Saxon Warminster certainly looks proto-urban, but it is harder to say whether it was ever considered a borough. On the whole the evidence for is a little stronger than the arguments against. But, although any market there may have continued operating after the Conquest, the new Norman monarchy – wary of earlier centres of Saxon royal authority – lacked interest in Warminster, which could have stunted or curtailed further urban growth, until a new landlord was prepared to join the wave of speculative investors seeking new revenues by founding market towns. By 1156 the Crown had granted Warminster to its constable of Salisbury Castle for life, and from 1175 to Robert Mauduit, also constable of that castle as well as a royal chamberlain; he had died by 1191, leaving a minor as his heir. The manor remained the principal residence of the Mauduit family, which survived in the male line as manorial lords down to 1364, when by marriage Warminster passed to the Greene family. It was probably the Mauduits who were responsible for rebuilding and re-dedicating the church in the twelfth century. A market at Warminster is referenced at an unknown date during the lordship of Robert's son Thomas Mauduit, who came of age in 1204 and died ca.1244; that no licence grant is extant (reference to a grant of 1204 in the EUS report is a misreading of evidence cited in the VCH) suggests the market was old enough not to need one, and the jurors at the hundredal enquiry of 1275 were ignorant of what right the Mauduits had to their market at Warminster. The deed mentioning the market also refers to a shop and a chapel there. A tolseld is mentioned in the late fourteenth century, though there is no reason to think this was some kind of town hall, as some suggest. In 1253 Thomas' son William Mauduit acquired the grant of an August fair, which survived up to the early twentieth century, while in 1447 Henry Greene added an October fair, which also long survived.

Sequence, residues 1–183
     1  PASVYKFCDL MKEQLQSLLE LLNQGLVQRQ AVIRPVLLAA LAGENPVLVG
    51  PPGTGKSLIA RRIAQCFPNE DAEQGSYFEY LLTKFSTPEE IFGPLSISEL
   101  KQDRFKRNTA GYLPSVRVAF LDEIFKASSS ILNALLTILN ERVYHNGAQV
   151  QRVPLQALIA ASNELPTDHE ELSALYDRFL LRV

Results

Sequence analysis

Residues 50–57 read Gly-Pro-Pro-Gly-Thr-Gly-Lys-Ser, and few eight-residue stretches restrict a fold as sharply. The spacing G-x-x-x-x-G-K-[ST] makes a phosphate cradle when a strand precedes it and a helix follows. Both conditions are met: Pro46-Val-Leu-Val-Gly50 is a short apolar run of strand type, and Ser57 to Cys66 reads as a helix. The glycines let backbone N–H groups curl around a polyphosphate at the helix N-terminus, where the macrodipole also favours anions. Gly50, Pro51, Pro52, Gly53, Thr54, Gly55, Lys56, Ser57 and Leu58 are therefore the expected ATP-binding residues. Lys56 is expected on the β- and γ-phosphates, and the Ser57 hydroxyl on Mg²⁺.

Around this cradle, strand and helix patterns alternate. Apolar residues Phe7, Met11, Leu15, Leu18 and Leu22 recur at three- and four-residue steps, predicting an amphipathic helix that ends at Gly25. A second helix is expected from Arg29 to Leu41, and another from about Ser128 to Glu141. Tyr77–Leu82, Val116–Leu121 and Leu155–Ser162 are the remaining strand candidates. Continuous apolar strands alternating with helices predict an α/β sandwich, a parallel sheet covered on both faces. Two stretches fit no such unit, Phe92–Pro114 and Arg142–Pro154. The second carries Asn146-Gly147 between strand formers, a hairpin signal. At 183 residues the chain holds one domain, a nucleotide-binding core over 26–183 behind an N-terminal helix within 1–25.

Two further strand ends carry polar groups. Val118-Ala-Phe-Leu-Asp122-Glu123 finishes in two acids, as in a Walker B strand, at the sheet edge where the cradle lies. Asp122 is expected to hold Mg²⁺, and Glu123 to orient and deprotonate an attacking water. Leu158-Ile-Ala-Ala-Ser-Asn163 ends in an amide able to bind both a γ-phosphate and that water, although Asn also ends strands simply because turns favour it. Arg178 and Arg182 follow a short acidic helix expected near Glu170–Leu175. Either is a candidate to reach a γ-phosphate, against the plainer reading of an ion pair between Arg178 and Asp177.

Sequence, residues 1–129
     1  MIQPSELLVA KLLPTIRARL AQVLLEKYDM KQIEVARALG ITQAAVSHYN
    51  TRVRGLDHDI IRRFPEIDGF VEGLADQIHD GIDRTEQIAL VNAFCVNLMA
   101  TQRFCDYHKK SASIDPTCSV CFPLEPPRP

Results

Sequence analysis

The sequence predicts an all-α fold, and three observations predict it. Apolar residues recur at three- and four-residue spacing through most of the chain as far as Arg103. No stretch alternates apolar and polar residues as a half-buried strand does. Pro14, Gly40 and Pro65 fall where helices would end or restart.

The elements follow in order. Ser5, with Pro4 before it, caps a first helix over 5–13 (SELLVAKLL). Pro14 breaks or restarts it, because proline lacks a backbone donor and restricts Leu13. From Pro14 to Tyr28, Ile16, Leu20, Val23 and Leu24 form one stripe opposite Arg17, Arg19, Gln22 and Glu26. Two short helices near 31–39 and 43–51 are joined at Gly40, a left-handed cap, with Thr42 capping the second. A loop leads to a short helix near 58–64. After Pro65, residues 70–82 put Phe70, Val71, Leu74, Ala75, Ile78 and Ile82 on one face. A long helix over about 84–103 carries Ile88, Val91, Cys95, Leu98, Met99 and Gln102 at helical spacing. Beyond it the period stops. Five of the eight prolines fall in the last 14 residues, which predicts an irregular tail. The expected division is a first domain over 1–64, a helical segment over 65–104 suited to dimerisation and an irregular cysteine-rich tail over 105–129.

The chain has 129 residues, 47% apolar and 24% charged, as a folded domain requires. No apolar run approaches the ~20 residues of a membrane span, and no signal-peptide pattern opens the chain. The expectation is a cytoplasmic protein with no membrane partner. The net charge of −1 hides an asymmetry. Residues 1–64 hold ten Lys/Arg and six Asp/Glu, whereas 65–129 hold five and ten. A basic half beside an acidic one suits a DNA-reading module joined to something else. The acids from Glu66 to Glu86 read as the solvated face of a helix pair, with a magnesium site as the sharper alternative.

A manorial extent taken for the inquisition post mortem on Warin Mauduit in 1300 estimated the annual value of the market tolls and the fair at 15s.. The extent also itemized all the freeholders and their rents; although surnames point to a vintner (or his widow), miller, tanner, and a smith's widow, there are no clear signs of burgages – the 12d. rent due from John le Boteler for a messuage with curtilage being an isolated case – and there is no real reason to think the town properties were included in the extent. A different source gives 32s for market tolls for just a six-week period in 1322, which may cast doubt on the reliability of valuations for inquisitions post mortem; however, it perhaps reflects increasing business at Warminster's market, for other figures from later in the century suggest growth – in 1379/80 receipts from stallage alone amounted to £4. – levelling out late in the century and into the first half of the fifteenth. A distinction was made between intrinsec and forinsec traders, and charges set accordingly. By Leland's time Warminster had a reputation as a leading market for grain, which may do much to explain the overall growth pattern in toll receipts. Fair tolls were, in the Late Middle Ages, less lucrative than the market tolls, but nonetheless held fairly steady; livestock, particularly sheep, were likely a leading attraction of the fairs. The local cloth-making industry does not appear to have yet taken the prominent role it would in the economy of the post-medieval town, although dyers are evidenced at Warminster in the fourteenth and fifteenth centuries, and a tailor and skinner in 1338; with the vast numbers of sheep in the region, trade in wool must surely have been important component of Warminster's commerce.